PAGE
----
While satellites can maneuver to change their orbits, it is usually done with a chemical fuel that satellites carry only limited supplies, meaning they cannot maneuver all the time. Although some satellites are powered by electric rather than fuel-guzzling engines, they have much less power and take significantly more time to change orbital direction.

These limitations make satellite detection via ground tracking a viable counter-satellite capability.

In April 2020, the US Space Force announced the activation of Space Fence, an S-band ground-based sensor that can track commercial and military satellites, spent rocket boosters and debris as small as 10 centimeters in low earth or geosynchronous orbit across in an east-west surveillance direction from 1,900 miles (3,057 kilometers) out.

“Space is now recognized as a congested and contested domain… and Space Fence is the next evolution in our efforts to maintain space superiority,” said Lieutenant Colonel David Tipton, commander of the 20th Space Control Squadron, in a March 2020 article in C4ISRNET.

However, C4ISRNET notes Space Fence’s limitations, including the fact that its single radar is based in Kwajalein Atoll in the Marshall Islands, making it impossible to track smaller objects continuously.  Breaking Defense notes that Space Fence needs a 10-megawatt power plant to function, puts off emissions that can be targeted by an adversary and carries a hefty US$914 million price tag.

Other drawbacks mentioned by Global Security include limited data acquisition abilities, inability to attain precision orbit parameters of detected objects, lack of 24/7 capability for electro-optical systems and high costs and complexity.

The same source notes that these challenges stem from a perceived need to search all of space, with large sensors like Space Fence offering increased sensitivity but having a narrow field of view and enlarging the area needed to be searched.

Global Security suggests the alternative need for ground-based tracking systems that are simple, accurate and limited to a specific area of space that can quickly catalog earth-orbiting objects. Satellite ground tracking technology may thus evolve toward proliferated, small and mobile systems that can be deployed at the tactical level instead of large, strategic-level systems like Space Fence.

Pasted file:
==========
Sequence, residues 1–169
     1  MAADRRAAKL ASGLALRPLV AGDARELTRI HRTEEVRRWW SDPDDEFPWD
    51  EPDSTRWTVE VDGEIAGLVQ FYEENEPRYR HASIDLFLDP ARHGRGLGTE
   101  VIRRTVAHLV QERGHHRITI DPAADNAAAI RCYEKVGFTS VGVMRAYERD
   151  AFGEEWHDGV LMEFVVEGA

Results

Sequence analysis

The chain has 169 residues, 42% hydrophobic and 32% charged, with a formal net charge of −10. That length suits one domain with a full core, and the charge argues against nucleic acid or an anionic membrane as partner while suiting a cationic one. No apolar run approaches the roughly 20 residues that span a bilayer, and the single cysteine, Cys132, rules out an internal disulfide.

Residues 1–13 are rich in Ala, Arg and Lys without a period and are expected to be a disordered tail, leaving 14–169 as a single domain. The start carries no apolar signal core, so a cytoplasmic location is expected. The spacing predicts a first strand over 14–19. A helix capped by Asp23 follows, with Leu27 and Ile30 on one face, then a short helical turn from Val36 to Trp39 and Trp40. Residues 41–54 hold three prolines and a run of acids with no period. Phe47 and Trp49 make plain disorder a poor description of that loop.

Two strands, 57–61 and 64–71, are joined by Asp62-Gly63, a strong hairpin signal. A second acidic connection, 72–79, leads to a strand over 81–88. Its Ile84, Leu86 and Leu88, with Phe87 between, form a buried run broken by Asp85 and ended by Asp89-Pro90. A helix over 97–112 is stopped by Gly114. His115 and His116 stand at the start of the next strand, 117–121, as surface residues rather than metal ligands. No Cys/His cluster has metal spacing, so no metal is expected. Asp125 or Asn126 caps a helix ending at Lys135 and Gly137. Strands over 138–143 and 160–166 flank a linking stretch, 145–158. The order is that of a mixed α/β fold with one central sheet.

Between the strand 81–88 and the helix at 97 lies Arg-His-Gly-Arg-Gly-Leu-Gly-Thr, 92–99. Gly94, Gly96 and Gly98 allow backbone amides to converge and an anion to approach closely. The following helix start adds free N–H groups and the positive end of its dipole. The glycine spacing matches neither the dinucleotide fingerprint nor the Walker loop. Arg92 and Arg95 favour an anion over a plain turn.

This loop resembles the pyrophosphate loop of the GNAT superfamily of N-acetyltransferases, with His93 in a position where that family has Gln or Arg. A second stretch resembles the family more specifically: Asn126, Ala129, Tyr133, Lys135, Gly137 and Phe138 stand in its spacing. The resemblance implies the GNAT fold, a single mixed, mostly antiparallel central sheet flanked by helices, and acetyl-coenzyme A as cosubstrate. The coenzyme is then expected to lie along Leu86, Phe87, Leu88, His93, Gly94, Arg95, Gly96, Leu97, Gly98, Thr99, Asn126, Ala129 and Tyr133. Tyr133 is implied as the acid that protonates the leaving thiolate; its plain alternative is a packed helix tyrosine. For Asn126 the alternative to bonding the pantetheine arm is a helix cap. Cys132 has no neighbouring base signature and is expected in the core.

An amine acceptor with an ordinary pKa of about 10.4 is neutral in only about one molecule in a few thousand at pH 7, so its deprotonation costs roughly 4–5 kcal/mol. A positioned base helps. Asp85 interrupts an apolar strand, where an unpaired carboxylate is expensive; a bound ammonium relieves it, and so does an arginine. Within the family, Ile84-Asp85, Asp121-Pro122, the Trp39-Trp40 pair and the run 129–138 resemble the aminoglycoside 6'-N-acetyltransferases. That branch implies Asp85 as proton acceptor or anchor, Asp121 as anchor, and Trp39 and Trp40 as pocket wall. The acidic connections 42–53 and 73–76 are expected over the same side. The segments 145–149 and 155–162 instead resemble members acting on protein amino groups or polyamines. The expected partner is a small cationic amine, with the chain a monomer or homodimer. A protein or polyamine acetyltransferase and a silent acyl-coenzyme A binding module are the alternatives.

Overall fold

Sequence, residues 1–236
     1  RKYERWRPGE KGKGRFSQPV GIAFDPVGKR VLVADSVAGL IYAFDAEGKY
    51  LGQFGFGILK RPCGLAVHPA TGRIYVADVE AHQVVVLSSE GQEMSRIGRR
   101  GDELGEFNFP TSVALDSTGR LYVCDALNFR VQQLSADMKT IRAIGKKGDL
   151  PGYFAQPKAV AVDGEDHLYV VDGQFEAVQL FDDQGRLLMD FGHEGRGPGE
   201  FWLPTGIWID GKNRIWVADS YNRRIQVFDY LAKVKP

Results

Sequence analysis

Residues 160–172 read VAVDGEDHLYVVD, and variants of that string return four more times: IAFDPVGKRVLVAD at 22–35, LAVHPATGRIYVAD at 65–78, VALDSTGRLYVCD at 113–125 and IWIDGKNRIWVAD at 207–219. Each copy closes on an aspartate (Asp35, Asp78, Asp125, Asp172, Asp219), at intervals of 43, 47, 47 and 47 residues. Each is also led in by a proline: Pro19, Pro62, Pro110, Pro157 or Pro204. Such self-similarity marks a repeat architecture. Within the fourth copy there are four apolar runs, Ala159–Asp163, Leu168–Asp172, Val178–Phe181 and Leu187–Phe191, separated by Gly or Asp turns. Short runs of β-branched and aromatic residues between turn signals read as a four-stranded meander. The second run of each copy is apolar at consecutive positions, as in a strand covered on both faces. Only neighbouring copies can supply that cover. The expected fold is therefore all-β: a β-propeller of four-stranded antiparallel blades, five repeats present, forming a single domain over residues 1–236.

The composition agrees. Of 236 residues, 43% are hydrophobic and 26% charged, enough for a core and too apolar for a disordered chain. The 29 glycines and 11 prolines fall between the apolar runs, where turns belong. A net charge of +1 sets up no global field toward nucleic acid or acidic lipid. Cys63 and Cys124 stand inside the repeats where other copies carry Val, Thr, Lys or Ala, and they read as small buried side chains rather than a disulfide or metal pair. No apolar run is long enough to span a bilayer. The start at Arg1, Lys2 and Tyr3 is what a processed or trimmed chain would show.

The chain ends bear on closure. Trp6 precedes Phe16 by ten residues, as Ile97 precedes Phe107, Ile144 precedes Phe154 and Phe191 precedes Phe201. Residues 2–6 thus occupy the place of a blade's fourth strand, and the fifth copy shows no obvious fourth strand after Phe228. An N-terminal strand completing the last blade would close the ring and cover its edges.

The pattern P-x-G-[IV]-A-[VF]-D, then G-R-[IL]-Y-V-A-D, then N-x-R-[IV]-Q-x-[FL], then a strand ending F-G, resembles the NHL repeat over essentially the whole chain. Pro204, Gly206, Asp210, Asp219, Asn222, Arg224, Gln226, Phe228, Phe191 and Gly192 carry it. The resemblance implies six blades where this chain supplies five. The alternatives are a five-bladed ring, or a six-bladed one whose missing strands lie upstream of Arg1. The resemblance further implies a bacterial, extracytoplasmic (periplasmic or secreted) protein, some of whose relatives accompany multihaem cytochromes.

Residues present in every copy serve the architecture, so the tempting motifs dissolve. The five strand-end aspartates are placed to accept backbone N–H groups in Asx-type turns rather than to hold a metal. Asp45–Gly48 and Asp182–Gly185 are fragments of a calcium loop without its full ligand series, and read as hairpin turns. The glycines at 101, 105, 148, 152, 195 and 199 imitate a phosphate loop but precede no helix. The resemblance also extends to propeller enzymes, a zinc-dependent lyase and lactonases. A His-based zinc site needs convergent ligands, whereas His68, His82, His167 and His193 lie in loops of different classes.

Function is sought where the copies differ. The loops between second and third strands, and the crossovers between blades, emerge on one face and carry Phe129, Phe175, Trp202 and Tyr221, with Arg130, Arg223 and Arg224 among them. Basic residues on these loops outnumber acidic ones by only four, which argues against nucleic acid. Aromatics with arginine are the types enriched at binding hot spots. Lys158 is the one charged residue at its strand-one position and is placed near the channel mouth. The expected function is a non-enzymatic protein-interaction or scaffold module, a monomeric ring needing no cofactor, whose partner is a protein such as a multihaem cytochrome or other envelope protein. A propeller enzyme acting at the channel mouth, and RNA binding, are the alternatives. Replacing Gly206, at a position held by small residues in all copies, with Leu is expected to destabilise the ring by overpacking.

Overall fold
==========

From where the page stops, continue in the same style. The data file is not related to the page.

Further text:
China is not the only country to make recent advances in tactical-level ground-based satellite tracking technology. Breaking Defense reported in October that Australia-based Silentium Defense had built a “space observatory in a box,” a passive satellite-tracking radar that could fit in a shipping container alongside all necessary components such as power supplies and computers.

Anti-satellite capabilities will be crucial in any future US-China conflict. Conceptual Image: Facebook

The report said that users could deploy the system to fill coverage gaps left by existing space-tracking systems and Australia could opt to export the system to countries that now lack space-tracking capabilities. Silentium Defense’s system has reportedly been developed entirely in Australia, which means Canberra can export it to any country it chooses without US permission.

At the same time, Breaking Defense notes that Silentium’s system is limited by its reliance on external sources of FM radio waves to bounce off LEO satellites, meaning its utility may be limited in areas where those signals are few and weak.

The advent of small, mobile and affordable satellite ground-based tracking stations such as China’s SLC-18 and Silentium Defense’s passive radar may lead to the proliferation of such capabilities, blunting the future advantage of space-based satellite intelligence gathering.